Sunday, September 21, 2014

15th Sunday after Pentecost and St. Matthew

Today was a liturgical two-fer in the 1962 Missal- 15th Sunday after Pentecost and the Feast of St. Matthew, Apostle. Starting in 1955, the Sunday take precedence with a commemoration of St. Matthew. The Gospel for today brought to mind my last post, in light of the claims of Cardinal Kasper that Christ's raising people from the dead were "non-historical" stories.

Luke 7:11-16

And it came to pass afterwards, that he went into a city that is called Naim; and there went with him his disciples, and a great multitude. And when he came nigh to the gate of the city, behold a dead man was carried out, the only son of his mother; and she was a widow: and a great multitude of the city was with her. Whom when the Lord had seen, being moved with mercy towards her, he said to her: Weep not. And he came near and touched the bier. And they that carried it, stood still. And he said: Young man, I say to thee, arise. And he that was dead, sat up, and began to speak. And he gave him to his mother. And there came a fear on them all: and they glorified God, saying: A great prophet is risen up among us: and, God hath visited his people.

According to those who would doubt the historicity, we should understand this "spiritually." Kasper says "[t]hese non-historical stories are statements of belief in the salvific meaning of the person and message of Jesus." ( Gesù Cristo, Queriniana, 6th edition, p. 118). But how do we come to this belief? Kasper would have us think that these were just allegories passed of by the Evangelists in order to speak to simple people. One wonders how one with such an attitude would treat the sacraments?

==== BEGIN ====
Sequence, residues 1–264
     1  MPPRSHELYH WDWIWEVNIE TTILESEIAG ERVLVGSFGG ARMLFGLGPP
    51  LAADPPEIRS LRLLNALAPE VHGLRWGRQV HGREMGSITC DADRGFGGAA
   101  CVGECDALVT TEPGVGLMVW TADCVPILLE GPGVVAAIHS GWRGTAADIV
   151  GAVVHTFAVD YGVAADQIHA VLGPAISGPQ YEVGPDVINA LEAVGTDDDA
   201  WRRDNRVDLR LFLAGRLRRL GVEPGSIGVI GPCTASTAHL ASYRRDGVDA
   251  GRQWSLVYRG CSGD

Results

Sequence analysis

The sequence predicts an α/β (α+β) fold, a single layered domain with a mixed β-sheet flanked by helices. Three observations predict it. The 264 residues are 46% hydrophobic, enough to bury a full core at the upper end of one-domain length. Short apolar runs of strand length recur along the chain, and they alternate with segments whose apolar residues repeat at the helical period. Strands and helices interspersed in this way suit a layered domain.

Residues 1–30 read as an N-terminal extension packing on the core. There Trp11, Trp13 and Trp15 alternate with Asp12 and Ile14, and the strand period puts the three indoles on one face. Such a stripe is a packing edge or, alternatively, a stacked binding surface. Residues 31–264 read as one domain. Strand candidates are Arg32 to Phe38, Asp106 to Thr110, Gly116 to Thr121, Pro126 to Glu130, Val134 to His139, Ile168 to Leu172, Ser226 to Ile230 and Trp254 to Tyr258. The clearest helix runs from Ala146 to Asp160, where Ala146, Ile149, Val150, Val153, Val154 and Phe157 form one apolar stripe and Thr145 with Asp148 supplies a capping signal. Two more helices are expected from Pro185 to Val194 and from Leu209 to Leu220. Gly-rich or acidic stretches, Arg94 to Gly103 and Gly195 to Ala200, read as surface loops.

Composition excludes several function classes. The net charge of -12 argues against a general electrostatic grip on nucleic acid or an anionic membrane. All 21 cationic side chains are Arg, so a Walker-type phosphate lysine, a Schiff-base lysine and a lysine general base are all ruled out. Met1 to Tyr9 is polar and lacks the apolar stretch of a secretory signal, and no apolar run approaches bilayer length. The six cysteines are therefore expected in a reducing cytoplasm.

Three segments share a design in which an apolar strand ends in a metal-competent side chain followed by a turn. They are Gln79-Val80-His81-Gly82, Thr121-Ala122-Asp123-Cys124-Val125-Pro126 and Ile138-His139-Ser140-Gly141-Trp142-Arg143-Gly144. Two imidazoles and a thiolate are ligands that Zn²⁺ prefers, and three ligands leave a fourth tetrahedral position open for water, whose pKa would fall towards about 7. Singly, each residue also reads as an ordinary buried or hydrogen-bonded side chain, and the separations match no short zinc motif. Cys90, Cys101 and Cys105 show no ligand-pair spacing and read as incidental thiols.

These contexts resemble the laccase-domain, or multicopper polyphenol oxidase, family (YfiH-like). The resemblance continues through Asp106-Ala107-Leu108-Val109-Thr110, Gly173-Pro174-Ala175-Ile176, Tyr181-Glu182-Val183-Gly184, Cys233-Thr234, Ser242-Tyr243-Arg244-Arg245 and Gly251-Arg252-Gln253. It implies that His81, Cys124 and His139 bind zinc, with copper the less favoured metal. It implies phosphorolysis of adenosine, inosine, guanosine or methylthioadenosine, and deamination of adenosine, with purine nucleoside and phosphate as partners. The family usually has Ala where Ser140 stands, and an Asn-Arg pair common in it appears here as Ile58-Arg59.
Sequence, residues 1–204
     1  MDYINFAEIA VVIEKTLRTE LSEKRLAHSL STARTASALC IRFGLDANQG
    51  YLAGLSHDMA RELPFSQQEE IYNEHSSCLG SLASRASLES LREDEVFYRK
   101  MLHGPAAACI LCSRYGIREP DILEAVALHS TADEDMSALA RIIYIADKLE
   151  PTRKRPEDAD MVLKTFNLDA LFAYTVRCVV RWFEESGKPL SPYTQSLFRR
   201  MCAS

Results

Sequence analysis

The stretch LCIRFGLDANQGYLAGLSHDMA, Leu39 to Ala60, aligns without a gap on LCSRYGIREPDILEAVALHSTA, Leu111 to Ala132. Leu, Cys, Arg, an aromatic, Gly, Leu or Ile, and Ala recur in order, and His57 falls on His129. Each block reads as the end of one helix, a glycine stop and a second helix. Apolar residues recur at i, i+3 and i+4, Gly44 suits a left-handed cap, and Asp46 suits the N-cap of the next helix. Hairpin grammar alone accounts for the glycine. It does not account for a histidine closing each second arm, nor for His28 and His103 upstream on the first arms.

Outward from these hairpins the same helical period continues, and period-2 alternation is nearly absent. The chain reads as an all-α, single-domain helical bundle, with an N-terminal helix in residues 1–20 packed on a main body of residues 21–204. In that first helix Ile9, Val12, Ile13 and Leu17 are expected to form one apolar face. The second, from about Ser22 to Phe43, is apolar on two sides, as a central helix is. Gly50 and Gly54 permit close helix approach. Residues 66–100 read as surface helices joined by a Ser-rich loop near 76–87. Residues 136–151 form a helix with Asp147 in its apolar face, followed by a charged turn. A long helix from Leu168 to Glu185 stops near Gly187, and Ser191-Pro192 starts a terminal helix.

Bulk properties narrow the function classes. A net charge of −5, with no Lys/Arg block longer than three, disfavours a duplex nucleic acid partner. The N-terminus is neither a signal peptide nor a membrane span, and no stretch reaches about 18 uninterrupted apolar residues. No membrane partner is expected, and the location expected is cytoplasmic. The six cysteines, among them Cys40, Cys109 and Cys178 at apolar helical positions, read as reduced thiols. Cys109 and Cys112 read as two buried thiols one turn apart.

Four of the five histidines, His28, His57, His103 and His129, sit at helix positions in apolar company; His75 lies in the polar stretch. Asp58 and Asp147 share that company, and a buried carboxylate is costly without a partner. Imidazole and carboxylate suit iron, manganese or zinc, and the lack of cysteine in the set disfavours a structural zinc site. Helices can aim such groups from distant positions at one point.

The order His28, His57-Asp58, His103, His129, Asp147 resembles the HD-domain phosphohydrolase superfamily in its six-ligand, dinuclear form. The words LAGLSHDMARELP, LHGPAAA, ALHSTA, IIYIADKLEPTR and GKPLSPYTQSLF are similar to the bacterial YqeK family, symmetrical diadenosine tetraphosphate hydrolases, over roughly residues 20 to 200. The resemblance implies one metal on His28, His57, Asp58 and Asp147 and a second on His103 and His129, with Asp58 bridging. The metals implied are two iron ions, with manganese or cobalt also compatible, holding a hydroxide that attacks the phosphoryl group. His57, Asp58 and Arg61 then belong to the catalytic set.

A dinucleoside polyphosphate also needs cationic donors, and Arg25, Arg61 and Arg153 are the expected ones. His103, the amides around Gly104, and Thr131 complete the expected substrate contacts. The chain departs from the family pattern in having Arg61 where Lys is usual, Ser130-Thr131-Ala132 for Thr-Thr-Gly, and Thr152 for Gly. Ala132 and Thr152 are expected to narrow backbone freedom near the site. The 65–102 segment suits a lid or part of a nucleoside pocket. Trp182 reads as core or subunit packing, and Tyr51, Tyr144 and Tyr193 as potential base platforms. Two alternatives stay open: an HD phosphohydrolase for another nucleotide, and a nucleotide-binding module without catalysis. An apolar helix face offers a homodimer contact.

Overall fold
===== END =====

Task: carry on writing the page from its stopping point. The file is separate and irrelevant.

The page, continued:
Compare to Augustine

That her son was called again to life was the joy of that widowed mother; that souls of men are every day called to life is the joy of our Mother the Church. He was dead in body they have been dead in mind. His death was outward, and was outwardly bewailed; their inward. Death hath been neither mourned for nor seen. But He hath sought for them, Who hath seen that they are dead, and He only hath seen that they are dead, Who hath been able to make them alive. If He had not come to raise the dead, the Apostle had not said: "Awake, thou that sleepest, and arise from the dead, and Christ shall give thee light." (44th. Sermon on the Words of the Lord)

He too takes a spiritual meaning. But he finds that spiritual meaning in the historical account, not as in opposition to its historicity. The Church teaches us that the miracles of Christ constitute credibilia, facts that prepare us to hear the Gospel. Kasper would have us cast out such. But in the end that is just to deny any of the basis that confirms the authority of the Gospels and the Divinity of Christ. His raising of the dead is indeed spiritually symbolic. Symbolic of the new life He establishes in us when we die  and rise again with Him in baptism. But it is the very real miracle He did that signifies His spiritual work. It is through those miracles, through sensible reality, that He manifested the hidden spiritual reality. If we deny the historicity and facility of the sensible realities, we end up denying that Christ communicated the spiritual as well. We deny any basis for holding such spiritual realities.

Christ indeed raised the dead from the graves, and in doing so manifested His divinity, confirmed His authority and taught us, through sensible things, of the imperceptible reality of grace. Those who oppose the spiritual to the "literal" lack a thoroughgoing sacramental world view. The traditional rooting of the spiritual upon the literal, on the other hand, recognizes that God communicates through sensible realities, in history, in the scriptures and in the sacraments. If we doubt the reality of the credibilia, how can that not lead to denying the fidem credendum.

No comments:

Post a Comment

Note: Only a member of this blog may post a comment.